Do you own firearms? If so, an estate plan should include provisions on how to deal with your firearms in the event of your death. The problem with traditional estate planning or using the state's default rules is that they are both designed to deal with objective decision-making while the thought process involved in giving someone a firearm is objective as well as subjective.
Think about the following issues that do not cause problems with a bank account or other financially based asset but could be devastating with firearms.
1) The location you your children or beneficiaries live at when you die.
2) The legal status of the firearms you own in those states.
3) The logistics of getting the firearms to those states, assuming it would be legal to do so.
4) The legal status of your beneficiary on the date of your death or at the time the transfer is contemplated.
5) What are the legal requirements of possession or use in the state where your beneficiaries live.
6) Who will be your successor trustee or personal representative?
7) The legal status of them to possess or manage firearms?
8) The subjective decision as to if it would be proper to give one or more of the beneficiaries the firearms. ( are they mature and responsible enough as well as is it the right moment in time that you would hand them a gun if you were there to make a decision)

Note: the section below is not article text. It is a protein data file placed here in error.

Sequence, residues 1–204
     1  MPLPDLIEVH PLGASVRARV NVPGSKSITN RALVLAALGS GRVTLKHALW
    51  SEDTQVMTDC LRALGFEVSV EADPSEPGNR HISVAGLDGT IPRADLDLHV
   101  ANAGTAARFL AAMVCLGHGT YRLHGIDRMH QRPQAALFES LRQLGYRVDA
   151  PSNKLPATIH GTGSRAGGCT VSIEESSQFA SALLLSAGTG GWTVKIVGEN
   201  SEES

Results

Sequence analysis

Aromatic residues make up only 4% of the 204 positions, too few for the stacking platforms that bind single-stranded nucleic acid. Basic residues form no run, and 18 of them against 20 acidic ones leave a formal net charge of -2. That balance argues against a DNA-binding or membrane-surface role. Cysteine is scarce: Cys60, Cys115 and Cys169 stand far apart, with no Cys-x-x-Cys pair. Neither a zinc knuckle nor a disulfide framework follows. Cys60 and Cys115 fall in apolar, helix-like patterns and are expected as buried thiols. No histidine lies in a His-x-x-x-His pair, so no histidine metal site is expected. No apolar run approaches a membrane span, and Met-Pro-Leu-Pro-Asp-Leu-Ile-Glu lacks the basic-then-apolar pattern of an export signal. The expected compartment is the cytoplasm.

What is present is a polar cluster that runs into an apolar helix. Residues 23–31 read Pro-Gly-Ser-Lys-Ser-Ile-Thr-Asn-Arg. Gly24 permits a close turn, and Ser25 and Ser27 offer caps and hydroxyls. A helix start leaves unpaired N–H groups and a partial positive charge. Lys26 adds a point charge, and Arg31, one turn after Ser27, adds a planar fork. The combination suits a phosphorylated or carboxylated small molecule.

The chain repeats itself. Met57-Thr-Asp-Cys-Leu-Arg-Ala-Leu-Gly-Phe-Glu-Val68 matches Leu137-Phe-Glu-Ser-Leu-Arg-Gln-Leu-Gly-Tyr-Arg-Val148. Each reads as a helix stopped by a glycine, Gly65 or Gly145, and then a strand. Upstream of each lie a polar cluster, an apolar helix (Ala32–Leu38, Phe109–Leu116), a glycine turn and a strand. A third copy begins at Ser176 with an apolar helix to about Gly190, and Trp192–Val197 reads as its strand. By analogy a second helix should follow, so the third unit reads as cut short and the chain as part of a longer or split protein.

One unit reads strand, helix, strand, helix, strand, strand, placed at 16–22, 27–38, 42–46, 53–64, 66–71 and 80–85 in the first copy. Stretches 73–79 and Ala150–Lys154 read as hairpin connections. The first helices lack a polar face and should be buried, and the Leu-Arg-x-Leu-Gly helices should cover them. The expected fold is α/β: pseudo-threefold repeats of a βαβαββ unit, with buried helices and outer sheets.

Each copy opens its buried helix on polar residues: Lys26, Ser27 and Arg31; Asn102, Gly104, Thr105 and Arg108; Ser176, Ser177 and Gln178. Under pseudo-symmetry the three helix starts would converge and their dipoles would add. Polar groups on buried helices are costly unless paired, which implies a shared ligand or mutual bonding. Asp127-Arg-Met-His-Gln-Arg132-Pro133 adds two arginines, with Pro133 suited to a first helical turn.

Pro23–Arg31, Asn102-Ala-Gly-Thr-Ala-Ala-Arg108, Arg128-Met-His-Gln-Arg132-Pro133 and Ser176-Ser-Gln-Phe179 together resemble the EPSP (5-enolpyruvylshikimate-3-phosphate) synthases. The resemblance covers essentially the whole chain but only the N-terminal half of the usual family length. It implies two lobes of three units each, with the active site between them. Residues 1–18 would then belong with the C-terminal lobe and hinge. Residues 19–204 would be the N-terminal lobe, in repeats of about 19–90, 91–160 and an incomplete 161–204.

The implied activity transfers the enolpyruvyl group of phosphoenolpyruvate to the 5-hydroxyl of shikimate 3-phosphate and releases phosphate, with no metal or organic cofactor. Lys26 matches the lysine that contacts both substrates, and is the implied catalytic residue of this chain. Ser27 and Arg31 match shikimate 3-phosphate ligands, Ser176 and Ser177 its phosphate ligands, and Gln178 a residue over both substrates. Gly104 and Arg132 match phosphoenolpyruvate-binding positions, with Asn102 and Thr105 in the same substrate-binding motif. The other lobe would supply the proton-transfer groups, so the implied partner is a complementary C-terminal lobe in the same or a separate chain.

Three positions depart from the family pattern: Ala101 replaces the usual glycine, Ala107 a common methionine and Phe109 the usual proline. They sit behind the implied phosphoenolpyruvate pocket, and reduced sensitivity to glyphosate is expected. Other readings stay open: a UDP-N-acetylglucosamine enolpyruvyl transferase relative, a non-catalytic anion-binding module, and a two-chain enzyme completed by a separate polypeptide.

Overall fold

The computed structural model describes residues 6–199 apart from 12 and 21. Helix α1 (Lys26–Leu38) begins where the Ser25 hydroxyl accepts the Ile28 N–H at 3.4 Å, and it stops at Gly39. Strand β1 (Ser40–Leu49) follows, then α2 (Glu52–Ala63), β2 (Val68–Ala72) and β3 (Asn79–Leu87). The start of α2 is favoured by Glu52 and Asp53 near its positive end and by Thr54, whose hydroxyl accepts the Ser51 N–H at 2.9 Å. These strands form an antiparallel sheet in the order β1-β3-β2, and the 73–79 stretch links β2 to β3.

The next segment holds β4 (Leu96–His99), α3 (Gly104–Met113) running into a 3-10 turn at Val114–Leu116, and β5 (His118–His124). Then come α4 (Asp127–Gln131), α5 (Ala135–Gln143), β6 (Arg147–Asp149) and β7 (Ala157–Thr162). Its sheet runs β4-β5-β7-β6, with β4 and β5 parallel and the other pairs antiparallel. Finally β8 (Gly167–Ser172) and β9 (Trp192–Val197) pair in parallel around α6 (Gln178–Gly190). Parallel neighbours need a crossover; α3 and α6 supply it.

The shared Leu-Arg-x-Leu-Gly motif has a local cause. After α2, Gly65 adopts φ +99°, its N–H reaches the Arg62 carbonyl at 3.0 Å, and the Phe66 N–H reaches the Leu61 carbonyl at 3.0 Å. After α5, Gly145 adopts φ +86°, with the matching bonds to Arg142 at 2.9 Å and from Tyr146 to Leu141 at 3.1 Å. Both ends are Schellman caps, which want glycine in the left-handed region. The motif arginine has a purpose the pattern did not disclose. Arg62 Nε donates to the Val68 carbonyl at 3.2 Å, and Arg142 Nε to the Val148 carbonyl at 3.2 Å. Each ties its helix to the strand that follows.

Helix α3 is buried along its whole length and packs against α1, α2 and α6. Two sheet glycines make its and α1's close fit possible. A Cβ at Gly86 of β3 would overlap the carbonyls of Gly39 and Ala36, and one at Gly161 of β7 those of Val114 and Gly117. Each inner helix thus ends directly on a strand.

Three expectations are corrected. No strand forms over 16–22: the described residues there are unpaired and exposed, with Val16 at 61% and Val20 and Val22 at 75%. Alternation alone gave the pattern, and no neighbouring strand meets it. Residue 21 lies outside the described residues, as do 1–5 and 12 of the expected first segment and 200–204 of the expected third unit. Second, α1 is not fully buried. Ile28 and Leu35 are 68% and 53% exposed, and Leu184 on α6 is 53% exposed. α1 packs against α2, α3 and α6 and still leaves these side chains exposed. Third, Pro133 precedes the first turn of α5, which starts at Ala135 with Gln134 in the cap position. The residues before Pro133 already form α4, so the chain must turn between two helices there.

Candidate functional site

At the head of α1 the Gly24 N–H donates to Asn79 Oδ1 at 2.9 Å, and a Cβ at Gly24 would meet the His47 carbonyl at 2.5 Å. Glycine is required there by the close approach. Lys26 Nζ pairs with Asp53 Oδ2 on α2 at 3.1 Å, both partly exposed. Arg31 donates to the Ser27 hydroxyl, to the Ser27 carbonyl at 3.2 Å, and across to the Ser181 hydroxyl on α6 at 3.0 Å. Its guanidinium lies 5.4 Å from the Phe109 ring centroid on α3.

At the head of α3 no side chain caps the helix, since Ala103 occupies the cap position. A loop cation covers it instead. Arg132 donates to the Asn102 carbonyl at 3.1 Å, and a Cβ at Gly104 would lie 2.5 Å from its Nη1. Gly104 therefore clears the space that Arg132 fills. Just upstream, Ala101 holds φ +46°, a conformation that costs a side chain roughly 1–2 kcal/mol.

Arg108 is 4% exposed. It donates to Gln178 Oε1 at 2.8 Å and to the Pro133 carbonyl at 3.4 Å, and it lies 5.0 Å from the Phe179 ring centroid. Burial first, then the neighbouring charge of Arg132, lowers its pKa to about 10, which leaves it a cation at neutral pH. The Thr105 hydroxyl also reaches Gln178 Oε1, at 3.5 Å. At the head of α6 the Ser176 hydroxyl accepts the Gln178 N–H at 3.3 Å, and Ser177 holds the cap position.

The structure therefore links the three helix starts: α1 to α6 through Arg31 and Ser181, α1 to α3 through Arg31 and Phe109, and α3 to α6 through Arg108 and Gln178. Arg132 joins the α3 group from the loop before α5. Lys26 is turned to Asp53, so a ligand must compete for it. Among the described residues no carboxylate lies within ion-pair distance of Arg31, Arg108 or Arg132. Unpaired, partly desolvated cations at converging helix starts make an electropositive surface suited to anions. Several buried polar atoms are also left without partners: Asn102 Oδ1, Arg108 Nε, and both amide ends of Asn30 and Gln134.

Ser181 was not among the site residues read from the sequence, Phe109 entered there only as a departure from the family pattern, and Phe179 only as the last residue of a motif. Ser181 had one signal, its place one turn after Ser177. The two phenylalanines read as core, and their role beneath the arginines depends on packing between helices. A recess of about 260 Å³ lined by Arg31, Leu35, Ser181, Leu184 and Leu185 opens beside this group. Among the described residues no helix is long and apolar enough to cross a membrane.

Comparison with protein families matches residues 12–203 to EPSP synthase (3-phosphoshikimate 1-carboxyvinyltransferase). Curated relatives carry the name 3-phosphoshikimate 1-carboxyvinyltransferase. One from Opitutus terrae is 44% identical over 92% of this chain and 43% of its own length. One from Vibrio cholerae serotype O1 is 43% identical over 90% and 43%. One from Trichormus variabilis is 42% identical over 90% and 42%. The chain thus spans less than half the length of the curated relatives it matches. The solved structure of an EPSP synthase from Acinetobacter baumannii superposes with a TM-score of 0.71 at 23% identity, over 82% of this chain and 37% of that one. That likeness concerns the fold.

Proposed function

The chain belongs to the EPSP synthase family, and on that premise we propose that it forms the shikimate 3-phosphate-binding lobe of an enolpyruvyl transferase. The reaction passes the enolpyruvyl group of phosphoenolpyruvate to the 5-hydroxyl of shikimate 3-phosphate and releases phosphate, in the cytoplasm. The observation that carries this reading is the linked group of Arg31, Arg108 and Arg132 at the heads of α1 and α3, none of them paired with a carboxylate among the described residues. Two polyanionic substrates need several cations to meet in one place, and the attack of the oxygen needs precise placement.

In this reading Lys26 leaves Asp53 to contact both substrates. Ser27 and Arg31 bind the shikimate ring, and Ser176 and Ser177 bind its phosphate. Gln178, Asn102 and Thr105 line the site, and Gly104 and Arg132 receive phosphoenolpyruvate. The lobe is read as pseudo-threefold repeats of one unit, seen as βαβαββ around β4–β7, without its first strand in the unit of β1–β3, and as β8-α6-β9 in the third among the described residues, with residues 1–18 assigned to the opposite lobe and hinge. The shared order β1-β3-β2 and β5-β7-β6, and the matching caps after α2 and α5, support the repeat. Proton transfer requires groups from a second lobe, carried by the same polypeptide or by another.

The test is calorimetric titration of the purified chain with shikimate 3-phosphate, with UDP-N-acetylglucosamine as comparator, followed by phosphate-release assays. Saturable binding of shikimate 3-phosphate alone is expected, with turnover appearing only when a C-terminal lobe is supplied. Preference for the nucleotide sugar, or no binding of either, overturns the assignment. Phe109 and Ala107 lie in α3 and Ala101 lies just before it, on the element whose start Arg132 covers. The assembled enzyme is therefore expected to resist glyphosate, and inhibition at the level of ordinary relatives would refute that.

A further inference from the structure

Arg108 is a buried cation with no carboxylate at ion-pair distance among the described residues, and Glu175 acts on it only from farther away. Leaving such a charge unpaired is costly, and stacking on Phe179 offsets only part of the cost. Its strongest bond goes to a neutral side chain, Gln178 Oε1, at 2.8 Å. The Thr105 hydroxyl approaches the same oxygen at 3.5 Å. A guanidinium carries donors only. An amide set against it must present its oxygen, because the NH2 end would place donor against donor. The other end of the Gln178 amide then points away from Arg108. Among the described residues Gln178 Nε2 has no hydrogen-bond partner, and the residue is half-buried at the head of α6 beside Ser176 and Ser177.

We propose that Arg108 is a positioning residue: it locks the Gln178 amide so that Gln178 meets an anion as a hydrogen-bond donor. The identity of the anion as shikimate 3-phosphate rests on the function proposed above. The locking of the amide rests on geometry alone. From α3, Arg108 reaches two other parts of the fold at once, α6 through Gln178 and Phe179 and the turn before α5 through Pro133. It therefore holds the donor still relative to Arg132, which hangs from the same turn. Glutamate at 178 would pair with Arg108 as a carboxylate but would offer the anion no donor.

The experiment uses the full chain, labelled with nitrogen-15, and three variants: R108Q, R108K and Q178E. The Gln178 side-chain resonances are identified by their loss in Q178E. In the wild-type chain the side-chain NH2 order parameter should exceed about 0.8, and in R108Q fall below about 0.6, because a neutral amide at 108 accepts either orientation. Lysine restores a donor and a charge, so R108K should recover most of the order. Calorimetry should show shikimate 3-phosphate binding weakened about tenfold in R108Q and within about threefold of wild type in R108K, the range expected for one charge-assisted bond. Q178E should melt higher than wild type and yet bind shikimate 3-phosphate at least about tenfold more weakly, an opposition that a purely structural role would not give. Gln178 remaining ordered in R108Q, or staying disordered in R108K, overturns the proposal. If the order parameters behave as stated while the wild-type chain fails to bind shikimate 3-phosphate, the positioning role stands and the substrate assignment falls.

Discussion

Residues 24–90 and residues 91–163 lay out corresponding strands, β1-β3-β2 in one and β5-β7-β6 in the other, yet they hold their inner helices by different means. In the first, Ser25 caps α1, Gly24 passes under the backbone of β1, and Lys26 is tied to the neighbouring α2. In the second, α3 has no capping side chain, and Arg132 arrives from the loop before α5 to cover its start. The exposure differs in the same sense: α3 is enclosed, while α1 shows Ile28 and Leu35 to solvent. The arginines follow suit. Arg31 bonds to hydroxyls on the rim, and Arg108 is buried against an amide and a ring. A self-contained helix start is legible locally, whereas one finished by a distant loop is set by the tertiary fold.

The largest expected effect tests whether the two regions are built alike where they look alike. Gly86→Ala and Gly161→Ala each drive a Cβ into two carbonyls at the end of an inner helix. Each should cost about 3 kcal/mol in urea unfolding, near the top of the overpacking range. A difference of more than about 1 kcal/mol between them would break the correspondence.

A normal will or trust typically says wait until my child is 25 then give them my Glock or ther firearm. Some of the problems may be that you child lives in CA or one of the states where your Glock is not legal, you child has decided that medical marijuana is wonderful and is a prohibited person under federal laws, your child is in the middle of a nasty divorce or under great financial pressure.
Under these or other circumstances it is easy to see how your firearm could become a weapon and cause your family member to be incarcerated. In addition, there is no legal standard to make sure the family member or friend that you typically would choose to manage your other assets will know anything about guns or be legal to possess them.
As you can see a Gun Trust is the responsible way to own firearms and can even offer asset protection for you and your family members. If you own firearms and would like your estate plan reviewed to correct inadvertant mistakes that are made on a regular basis or to have us create an estate plan for your and your family, use the contact form on the right or call us to discuss your situation.